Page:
Guitarist Rodney Jones departs from the mainstream fare of his most recent recordings ( The Undiscovered Few, Blue Note 96902, 1999 and My Funny Valentine, Timeless 162, 2000) and testifies his funk philosophy on Soul Manifesto. Joined by Funk/R&B specialists Maceo Parker, Arthur Blythe, and Dr. Lonnie Smith, Jones weaves a hypnotic tapestry with a limbic collection of originals and standards so funky the listener might have to leave the room or succumb to the groove.
The foundation of Jones's Soul philosophy is grounded in Gospel, Funk, and the Blues. He began playing guitar at age 6, beginning formal lessons age 8. He saturated himself with the Funk-forefront of the day: Jimi Hendrix, Sly Stone, and the formidable James Brown. "You have soul that was created by God, and you have soul created by James Brown. I've always been fascinated by that connection," says Jones. Jones joined the James Brown Mythology when he linked up with Brown alto saxophonist Maceo Parker for Parker's breakthrough Roots Revisited (Verve 843 751, 1992). Jones went on to work with the funkmeister for five years (and that definitely shows on this recording).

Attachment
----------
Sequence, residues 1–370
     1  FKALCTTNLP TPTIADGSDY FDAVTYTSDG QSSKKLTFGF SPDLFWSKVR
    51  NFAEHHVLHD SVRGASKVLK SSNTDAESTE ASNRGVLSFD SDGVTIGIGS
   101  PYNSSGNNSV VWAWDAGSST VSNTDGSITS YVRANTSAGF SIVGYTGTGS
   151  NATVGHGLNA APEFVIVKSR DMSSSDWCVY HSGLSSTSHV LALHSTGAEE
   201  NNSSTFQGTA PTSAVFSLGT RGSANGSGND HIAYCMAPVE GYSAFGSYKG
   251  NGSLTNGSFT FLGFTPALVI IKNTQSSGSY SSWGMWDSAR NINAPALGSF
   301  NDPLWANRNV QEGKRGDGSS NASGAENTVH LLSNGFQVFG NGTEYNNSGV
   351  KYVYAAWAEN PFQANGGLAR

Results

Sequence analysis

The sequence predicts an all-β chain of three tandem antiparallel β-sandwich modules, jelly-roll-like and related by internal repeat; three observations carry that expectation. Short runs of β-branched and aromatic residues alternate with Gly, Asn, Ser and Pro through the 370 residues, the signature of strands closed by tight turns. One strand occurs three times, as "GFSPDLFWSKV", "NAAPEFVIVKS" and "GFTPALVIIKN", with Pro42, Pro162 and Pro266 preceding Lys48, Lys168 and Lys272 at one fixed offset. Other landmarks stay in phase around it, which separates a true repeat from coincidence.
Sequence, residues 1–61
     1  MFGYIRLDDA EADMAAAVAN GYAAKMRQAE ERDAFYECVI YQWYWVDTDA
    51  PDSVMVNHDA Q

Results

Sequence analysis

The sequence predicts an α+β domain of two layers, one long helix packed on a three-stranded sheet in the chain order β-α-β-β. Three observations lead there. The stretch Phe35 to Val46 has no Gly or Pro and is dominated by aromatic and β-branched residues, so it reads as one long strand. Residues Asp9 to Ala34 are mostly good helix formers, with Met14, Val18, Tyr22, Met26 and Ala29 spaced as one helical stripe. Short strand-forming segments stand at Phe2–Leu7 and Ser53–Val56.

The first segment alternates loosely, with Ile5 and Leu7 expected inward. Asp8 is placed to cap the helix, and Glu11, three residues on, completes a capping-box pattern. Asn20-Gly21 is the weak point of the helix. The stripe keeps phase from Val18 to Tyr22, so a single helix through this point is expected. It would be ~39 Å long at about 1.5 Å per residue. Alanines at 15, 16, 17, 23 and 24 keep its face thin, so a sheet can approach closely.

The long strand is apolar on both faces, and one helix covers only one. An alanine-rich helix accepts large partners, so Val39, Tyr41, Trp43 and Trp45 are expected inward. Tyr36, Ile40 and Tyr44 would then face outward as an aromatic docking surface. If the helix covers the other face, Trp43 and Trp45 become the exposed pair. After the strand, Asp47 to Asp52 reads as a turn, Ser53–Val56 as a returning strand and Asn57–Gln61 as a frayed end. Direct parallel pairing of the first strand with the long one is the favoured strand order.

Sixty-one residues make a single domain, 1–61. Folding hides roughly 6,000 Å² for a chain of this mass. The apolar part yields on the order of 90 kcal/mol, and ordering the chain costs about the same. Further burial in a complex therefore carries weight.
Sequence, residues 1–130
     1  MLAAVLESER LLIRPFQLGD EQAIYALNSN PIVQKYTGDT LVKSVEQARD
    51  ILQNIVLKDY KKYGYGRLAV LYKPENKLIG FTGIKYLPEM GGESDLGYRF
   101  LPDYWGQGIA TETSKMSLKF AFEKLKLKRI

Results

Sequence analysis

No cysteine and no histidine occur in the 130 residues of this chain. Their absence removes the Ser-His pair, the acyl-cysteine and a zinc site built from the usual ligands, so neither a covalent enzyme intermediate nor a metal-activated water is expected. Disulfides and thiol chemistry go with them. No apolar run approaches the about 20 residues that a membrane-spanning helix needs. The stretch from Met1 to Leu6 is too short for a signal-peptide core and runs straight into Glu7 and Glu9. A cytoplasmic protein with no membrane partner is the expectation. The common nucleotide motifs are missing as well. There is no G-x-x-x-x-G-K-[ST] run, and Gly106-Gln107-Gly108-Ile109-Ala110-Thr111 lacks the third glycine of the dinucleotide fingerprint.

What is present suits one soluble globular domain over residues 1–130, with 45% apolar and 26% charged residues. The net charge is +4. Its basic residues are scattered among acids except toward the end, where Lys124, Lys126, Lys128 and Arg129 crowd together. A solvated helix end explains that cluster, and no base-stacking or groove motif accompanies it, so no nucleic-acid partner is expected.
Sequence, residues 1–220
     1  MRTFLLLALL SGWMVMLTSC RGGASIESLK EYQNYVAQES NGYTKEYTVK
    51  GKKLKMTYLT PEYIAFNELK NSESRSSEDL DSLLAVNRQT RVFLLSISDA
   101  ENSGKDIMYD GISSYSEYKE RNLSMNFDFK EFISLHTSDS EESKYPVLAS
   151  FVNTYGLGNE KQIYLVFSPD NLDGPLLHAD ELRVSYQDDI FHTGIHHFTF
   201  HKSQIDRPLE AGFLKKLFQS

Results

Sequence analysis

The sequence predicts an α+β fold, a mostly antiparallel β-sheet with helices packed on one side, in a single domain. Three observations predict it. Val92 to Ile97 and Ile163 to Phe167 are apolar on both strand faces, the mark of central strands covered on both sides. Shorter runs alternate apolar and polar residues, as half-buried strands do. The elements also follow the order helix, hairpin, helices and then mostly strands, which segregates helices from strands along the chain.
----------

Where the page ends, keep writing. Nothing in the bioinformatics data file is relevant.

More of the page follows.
Jones bookends this recording with the original "Groove Bone, Parts 1 and 2." He establishes the mood of the recording with these pieces while jamming through the other funky tone orgies "Soul Makossa," "Mobius 3," and "One Turnip Green." Standards include a soulful "Ain't No Sunshine" and "Soul Eyes." The band was well chosen, particularly Maceo Parker and Arthur Blythe. They truly reveal the soulfulness of the alto saxophone. Makes one wish King Curtis was on hand for the tenor chair.
Is this Jazz? Quoting Mark Corroto in his primer on funk, "As the tee-shirt sez, 'F*** Art, Let's Dance."
Track Listing: Groove Bone, Part 1; Soul Makossa; Wake Up Call; Soul Manifesto; One Turnip Green; Ain't No Sunshine; Mobius 3; Soup Bone; Soul Eyes; Groove Bone, Part 2. (Total Time: 57.13).
I love jazz because next to my kids, it's the love of my life.
I was first exposed to jazz by Joe Rico from a tiny station in Niagara Falls in 1954 when I was 13.
The best show I ever attended was Maynard Ferguson who blew the roof off Massey Hall in the late 50s.
My advice to new listeners is to listen to everything you can and then listen again.